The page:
Successful IoT Use Cases Require a Solid Strategy
Enterprises and operators that develop such IoT use cases can create immediate revenue opportunities, while also establishing a leadership position in the IoT ecosystem. Doing so depends primarily on three objectives: initially shifting your focus away from technology; creating a strong business case; and, as a final step, determining the most accessible, cost-effective types of technology that will support that business case.
First, Shift Your Focus Away from Technology
At first glance, this step may seem counterintuitive. But when technology is the focus, it’s easy to fall into the trap of planning a use case around what future technologies are supposed to do.
Without question, technologies like artificial intelligence (AI) and blockchain hold tremendous potential for future IoT use cases. But trying to develop an IoT use case around those technologies today is extremely limiting because they’re not yet widely deployed. In fact, many of these technologies are still more theoretical than tested, proven and deployable.
To develop strong IoT use cases today, therefore, depends on applying new parameters to existing technology and processes. For example, many companies already are integrating “as a service” modeling to offerings, especially for cloud and software applications. Applying the “as a service” model to IoT is an inexpensive way to use the full value of IoT.
Consider, for instance, the IoT opportunities already available in vehicles with telematics. The majority of vehicles on the road today — as well as all of the vehicles currently in production — have telematics systems that integrate with Wi-Fi. Whereas automobile manufacturer revenue once was limited to the one-time sale of the vehicle and a limited amount of residual maintenance, telematics creates numerous revenue streams for automakers, their partners in the automotive ecosystem and operators.
Telematics measure location, time and velocity, as well as driver habits, such as speed, sudden braking and rapid lane changes. Likewise, information can be collected about vehicle maintenance and consumption of entertainment content in the vehicle.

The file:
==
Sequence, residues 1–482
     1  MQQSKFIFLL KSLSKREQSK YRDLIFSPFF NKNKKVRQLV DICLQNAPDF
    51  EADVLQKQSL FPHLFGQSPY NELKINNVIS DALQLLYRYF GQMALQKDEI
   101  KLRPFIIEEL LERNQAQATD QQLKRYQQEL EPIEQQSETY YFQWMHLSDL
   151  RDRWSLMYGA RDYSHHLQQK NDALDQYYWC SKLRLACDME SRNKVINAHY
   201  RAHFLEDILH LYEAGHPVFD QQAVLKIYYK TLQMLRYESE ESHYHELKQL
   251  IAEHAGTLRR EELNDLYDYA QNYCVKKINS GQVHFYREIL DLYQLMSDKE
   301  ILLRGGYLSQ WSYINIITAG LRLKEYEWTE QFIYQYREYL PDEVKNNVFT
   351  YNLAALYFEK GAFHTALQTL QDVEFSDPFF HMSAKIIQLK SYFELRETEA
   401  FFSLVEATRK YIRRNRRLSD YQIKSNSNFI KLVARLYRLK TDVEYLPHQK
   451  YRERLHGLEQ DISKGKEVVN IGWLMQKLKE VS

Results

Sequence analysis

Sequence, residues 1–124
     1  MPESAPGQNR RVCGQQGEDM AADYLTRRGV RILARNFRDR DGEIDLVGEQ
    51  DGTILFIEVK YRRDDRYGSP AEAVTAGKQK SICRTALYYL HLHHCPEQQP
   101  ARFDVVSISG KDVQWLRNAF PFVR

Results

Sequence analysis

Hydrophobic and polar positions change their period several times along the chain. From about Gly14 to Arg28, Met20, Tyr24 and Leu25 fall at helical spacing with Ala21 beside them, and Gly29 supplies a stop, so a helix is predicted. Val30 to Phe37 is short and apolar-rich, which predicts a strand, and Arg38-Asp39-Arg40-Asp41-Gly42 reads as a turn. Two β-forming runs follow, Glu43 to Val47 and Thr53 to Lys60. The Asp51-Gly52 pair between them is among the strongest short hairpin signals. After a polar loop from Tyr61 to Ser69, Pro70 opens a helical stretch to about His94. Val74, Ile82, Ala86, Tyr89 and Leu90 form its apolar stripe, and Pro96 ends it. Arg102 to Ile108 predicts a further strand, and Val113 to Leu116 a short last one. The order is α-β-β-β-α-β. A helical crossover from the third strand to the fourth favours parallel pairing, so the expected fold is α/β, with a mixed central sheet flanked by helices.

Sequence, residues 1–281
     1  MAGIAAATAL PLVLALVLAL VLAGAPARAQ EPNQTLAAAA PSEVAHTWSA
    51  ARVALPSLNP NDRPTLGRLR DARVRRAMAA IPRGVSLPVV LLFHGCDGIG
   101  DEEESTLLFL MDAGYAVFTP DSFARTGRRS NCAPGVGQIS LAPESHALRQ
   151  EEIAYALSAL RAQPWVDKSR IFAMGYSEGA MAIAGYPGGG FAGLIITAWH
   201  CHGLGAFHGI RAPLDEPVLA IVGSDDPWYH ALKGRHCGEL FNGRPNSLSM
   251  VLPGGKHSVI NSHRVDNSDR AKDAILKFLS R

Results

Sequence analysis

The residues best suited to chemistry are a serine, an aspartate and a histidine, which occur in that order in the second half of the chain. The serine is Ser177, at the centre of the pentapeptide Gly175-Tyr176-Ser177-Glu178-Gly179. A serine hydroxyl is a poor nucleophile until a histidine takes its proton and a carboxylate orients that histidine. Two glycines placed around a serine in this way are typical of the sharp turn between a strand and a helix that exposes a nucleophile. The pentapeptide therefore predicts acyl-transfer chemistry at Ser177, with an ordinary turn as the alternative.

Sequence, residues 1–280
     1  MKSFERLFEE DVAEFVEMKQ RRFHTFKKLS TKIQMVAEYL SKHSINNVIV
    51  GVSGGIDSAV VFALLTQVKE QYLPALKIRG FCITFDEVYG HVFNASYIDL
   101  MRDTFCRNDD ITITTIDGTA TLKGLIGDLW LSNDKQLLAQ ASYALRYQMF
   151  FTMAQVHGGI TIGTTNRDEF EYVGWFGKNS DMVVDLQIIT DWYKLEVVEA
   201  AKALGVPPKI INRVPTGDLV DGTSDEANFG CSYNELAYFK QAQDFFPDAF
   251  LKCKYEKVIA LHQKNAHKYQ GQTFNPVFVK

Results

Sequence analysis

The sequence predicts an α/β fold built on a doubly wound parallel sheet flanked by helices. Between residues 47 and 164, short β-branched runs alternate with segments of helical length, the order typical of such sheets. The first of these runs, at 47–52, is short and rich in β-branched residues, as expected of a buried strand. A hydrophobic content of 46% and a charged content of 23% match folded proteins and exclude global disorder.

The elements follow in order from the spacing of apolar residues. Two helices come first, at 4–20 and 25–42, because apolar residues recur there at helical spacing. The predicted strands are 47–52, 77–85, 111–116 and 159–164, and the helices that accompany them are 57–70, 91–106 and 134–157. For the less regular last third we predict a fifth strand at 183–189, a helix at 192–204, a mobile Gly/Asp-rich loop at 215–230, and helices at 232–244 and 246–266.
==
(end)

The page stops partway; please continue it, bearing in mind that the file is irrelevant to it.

All of that data can be analyzed and monetized in a number of ways. Retailers might send targeted advertisements and coupons when a car nears the mall. Insurance providers can adjust premiums based on driver habits. Hospitality and entertainment venues can send targeted opportunities based on location, time and behavior. The opportunities for new service and revenue creation are vast, but their success depends upon a strong, thoughtful business case.
Creating a Business Case
There is no “one size fits all” business case for IoT. Consider the differences between operators in different parts of the world. Not only do operators differ from region to region, but consumer behavior also differs, making it virtually impossible to create a cookie-cutter IoT business case that translates across all geographies and customer types. But a great IoT use case that isn’t supported by a strong business need is doomed from the outset.
Building a business case requires answering a number of questions, including:
What is the overall goal or aim for the initiative?
What are the monetization opportunities?
What resources already are available, and what resources are needed?
Who are the potential customers?
Who are your competitors, and in what ways is your offering different than what’s already on the market?
What are the potential challenges and risks to consider?
Which methodologies should be used to develop the project?
How will success or failure of the initiative affect the overall business?
Once these types of questions have been answered and a clear business case has been created, the focus then should turn to technology.
Choosing the Right Technology
A plethora of current options already exist for IoT connectivity: high-speed packet access (HSPA), Wi-Fi, Bluetooth Low Energy (BLE), LTE, Thread, Zigbee, Z-Wave, radio frequency identification (RFID), narrowband IoT (NB-IoT), LoRa, random phase multiple access (RPMA) and Sigfox. Each technology has pros and cons related to a number of factors; range, density, speed, latency and average transmit power — or how the network impacts battery life — are just a few.
It’s also vital to determine the best device management platform, considering variables like scalability, modularity and flexibility. An end-to-end, open IoT platform facilitates a variety of use cases across different market segments.
A good IoT platform also enables users to create an IoT product catalog and automate quoting and signing agreements with customers. It also should support the overall sales process, from automating the onboarding of existing and prospective customers to designing and creating IoT-related service agreements.
There is no question IoT holds a tremendous amount of promise for enterprises and operators to develop new services and revenue streams. Developing a good IoT use case doesn’t require a 5G network. It does, however, require a strong business case that is supported by a carefully considered technology plan.
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